Statins Could Lower Ovarian Cancer Riskadmin
New research funded by Cancer Research UK suggests that women who take statins in the long term could be less likely to develop ovarian cancer, according to Technology Networks.
Statins are a class of drugs often prescribed by doctors to help lower cholesterol level in the blood. The researchers found that statins may protect against the development of ovarian cancer by inducing apoptosis and stopping tumors from growing.
Researchers based at the University of Bristol looked at 63,347 women between the ages of 20 and 100 years old, 22,406 of whom had ovarian cancer. An additional 31,448 women who carried the BRCA1/2 gene were also examined, 3,887 of whom had ovarian cancer. Their findings suggest that long-term statin use could provide an estimated 40% reduction in ovarian cancer risk in the general population, “although the estimate comes from looking at gene variation rather than statins themselves, and the exact mechanism by which these genes are associated with lower ovarian cancer risk is unclear,” Technology Networks reports.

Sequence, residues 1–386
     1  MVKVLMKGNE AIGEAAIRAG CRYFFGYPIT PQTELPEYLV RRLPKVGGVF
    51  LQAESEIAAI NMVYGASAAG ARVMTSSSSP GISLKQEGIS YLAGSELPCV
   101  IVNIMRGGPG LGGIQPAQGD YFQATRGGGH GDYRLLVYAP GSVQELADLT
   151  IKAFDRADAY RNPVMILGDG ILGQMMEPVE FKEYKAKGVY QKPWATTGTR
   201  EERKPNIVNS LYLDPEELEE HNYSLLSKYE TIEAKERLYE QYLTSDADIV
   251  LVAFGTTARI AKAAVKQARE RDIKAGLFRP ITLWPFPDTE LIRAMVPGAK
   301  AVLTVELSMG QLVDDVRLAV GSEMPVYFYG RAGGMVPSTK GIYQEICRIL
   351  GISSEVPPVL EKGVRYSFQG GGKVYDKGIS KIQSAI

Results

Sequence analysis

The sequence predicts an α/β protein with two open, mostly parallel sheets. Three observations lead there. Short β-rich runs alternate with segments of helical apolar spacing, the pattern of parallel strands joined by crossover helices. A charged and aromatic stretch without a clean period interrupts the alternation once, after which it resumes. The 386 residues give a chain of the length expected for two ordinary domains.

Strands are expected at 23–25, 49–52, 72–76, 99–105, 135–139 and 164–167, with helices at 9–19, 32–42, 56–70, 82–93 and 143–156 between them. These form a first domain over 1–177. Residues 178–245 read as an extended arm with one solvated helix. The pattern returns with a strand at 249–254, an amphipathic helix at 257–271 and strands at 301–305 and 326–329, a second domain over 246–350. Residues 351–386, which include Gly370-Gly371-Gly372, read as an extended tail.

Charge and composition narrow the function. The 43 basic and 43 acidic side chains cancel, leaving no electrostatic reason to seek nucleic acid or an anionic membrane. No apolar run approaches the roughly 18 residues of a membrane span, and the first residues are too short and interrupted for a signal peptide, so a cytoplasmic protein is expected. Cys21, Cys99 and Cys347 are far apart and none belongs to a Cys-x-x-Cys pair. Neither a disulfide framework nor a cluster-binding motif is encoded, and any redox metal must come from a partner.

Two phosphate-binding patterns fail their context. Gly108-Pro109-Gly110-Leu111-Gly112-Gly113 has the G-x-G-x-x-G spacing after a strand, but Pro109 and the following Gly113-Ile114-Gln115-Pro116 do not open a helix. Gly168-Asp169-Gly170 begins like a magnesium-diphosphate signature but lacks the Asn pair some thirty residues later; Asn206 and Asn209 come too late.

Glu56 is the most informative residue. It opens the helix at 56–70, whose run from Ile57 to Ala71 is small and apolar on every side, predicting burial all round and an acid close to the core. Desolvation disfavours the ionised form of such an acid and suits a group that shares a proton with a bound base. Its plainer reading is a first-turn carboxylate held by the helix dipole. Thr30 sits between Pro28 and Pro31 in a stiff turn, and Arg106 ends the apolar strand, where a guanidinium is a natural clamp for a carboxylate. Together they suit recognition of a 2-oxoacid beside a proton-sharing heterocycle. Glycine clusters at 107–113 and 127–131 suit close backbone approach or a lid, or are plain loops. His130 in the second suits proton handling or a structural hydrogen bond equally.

“Our findings open up the possibility of repurposing a cheap drug to help prevent ovarian cancer – especially in women who are at a high risk,” Professor Richard Martin from the University of Bristol said. “It’s incredibly interesting that women whose bodies naturally inhibit the enzyme targeted by statins have a lower risk of ovarian cancer, but we don’t recommend anyone rushes to take statins specifically to reduce ovarian cancer risk because of this study. It’s a promising result and I hope it sparks more research and trials into statins to demonstrate conclusively whether or not there’s a benefit.”